An Indian man recovered from Ebola back in September, before flying from Liberia to Delhi on Nov. 10—but the 26-year-old has been quarantined anyway, because though his blood tested negative for the virus, his semen tested positive. Ebola lingers in semen for months after a person has recovered, a Doctors Without Borders coordinator explains to NPR, "because antibodies produced in the bloodstream don't reach the testicles." Male survivors are told to wear condoms for three months following their recovery; the CDC officially recommends they abstain from sex for three months. But India will keep this man quarantined until his semen tests negative, according to a statement from the country's Ministry of Health.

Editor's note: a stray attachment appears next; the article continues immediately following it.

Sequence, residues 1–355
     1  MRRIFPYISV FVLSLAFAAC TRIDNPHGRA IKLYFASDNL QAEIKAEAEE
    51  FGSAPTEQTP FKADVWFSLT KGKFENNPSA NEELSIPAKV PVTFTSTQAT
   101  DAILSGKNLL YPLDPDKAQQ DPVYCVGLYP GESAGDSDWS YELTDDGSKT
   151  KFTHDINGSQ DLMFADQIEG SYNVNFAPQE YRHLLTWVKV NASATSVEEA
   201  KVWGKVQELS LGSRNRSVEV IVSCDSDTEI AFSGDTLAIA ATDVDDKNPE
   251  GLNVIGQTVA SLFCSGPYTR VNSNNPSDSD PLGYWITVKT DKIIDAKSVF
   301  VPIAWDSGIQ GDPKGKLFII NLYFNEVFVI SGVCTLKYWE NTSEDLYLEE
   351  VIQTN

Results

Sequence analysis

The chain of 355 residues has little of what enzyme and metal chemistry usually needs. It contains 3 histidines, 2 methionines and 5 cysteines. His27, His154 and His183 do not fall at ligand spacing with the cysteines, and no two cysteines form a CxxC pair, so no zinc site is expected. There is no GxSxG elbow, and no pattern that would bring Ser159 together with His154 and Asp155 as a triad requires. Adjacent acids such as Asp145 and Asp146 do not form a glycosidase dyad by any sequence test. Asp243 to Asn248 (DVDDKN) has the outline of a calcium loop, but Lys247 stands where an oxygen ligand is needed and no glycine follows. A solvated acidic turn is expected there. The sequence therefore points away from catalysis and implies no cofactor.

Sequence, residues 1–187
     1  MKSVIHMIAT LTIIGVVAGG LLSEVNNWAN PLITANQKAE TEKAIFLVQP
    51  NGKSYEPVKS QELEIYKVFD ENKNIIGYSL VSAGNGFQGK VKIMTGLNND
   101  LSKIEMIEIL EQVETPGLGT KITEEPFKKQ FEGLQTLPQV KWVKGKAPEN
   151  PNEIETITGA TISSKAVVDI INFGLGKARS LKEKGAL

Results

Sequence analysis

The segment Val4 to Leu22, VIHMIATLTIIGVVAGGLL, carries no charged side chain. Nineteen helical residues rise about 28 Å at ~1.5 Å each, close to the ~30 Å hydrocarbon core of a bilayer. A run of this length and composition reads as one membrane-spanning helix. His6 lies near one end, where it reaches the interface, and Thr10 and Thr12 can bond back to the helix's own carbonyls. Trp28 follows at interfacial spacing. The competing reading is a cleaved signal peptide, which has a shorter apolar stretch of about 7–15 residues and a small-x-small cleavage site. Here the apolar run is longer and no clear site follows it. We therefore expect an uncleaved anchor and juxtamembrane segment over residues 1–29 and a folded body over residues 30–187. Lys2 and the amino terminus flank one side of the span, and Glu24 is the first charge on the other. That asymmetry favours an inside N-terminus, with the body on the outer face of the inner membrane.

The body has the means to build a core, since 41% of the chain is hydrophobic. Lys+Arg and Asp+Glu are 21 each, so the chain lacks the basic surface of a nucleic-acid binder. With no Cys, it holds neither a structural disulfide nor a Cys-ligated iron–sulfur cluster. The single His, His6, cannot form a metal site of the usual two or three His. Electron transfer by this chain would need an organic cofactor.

"This would rule out even the remote possibility of spread of this disease by the sexual route," says the statement. And though at least one virologist isn't aware of a case of Ebola being transmitted sexually, the Marburg virus, which is related to Ebola, was. In 1967, a German man was cured of Marburg and released from the hospital; four months later, he transmitted the virus to his wife. The 26-year-old in this case is India's first Ebola patient, Time reports. Though he has a medical clearance certificate that would deem him free of the virus in the eyes of WHO and the CDC, as the Times of India notes, the country is concerned it won't be able to handle an outbreak considering its population density, overburdened government health services, and low hygiene standards.